There is much more to blogging than simply posting stories on a free WordPress site and hoping half a dozen people will actually read them.
Journalists who develop technical blogging skills will be at a significant advantage in the workplace. It’s easier than it looks.
But a big part of blogging is not technical at all: it’s about building a community of readers and informants, promoting your site, developing an editorial strategy, exploiting social media, and maybe getting other people to write for your site. And you can do all the things that traditional media do, such as news gathering and writing features. Don’t ignore the multi-media potential.
So what’s the best way to go about it?
If you’re new to blogging, just play around with your blog for a semester or so. Start to explore the gizmos on the dashboard. Change the theme, and the header image; put up a picture gallery (in a click-through gallery, every picture viewed counts as another page view). Definitely find out how widgets work: the image widget is fiddly, but strongly recommended for highlighting good content, as on St Helena Online (which started out as a student blog at Coventry).
WordPress publishes lots of how-to guides. Here’s the one for widgets: http://en.support.wordpress.com/widgets/
There are also lots of instructionals on YouTube. If in doubt, Google your question, including the word “WordPress”.
Otherwise, just click on every link on the dashboard and see what it does.
Do use tabs to promote your site (right hand side of the page when you’re creating a new post). But think about which categories you want – not too many. You can make them appear in your top menu (in the dashboard, find Menus).
Once you’ve played around with your initial blog, try to identify a subject you can make your own. It needs to be something that makes you stand out from the crowd. Is there a gap in the blogosphere – something that no one else is writing about? If not, could you write about your specialist topic from a new angle?
Maybe you could start a hyperlocal blog, covering a specific community. That would really impress potential employers in the news media, and it could make you a part of a network of hyperlocal bloggers around the country. There’s lots of help available from the Talk About Local organisation.
YourCV1.com was a hyperlocal that was run by third-year journalism students at Coventry. Maybe you could take it over?
The Online Journalism Blog run by Paul Bradshaw of Birmingham City University is another great resource for anyone wanting learn about blogging – or indeed, about journalism.
Once you have identified your niche topic, it may be worth paying for your own URL (the address of the blog). WordPress will encourage you to do this – you don’t have to!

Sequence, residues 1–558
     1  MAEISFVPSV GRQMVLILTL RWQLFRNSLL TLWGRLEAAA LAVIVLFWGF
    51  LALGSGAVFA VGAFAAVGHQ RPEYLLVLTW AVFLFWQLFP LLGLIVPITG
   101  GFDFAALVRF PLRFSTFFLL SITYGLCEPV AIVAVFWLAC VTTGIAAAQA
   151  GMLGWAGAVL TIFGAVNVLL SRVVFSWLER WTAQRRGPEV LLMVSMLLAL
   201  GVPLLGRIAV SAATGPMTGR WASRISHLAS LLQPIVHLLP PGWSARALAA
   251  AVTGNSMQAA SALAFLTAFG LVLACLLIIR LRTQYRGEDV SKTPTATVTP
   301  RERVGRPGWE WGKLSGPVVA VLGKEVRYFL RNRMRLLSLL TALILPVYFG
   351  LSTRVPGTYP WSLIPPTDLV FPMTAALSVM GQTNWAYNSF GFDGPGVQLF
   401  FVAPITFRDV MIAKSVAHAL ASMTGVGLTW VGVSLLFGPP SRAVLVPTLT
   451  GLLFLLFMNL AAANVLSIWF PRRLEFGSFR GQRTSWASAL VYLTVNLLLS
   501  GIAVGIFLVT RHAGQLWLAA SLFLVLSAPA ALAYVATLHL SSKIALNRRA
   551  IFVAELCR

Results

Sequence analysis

If you’re really serious about it, then you need to investigate creating your showcase blog on a non-Wordpress server, such as http://www.dream-hosting.co.uk. This does cost a bit more, but it enables you to bring a commercial element to your blog, and install plugins such as a widget for running events listings. You get much more scope in shaping the appearance of your site.
WordPress.com sites are the free ones. WordPress.org is for people who buy space on a server. If you’re serious about becoming an expert blogger, then you need to be using wordpress.org – but starting a free blog with wordpress.com is a good way to learn how it all works. Note that St Helena Online, cited above, is a free site, but that’s because of a technical glitch.
Moving a site from wordpress.com to wordpress.org can be fiddly, so it’s best to get your niche site it on the right platform from the outset. WordPress has “happiness engineers” who can move the site for you, but they charge.
There’s nothing wrong with wordpress.com sites. The school of media at Coventry has several, including its Key Concepts in Media and Communications site, here.
Here’s TheSavvyIntern on Four Ways Blogging Can Help Your Career.
You can create a page, to sit on the top menu, for content such as your CV.
Josh Halliday landed a job at The Guardian pretty well straight out of his journalism course at the University of Sunderland on the strength of his hyperlocal and his Twitter expertise.
… note that, despite the advice on this page, he DIDN’T spend money on his blog. And he says, don’t put too much effort into it: in his view, mastering Twitter is more important.
And don’t get swallowed up by your blog. It can only take you so far.
The real objective is to try to get work published by established media. Your blog may help, but don’t let it distract you from pitching stories and ideas to newspapers, magazines, radio stations and websites “out there”, beyond Student Land.
And if you do get something published elsewhere… link to it from your blog.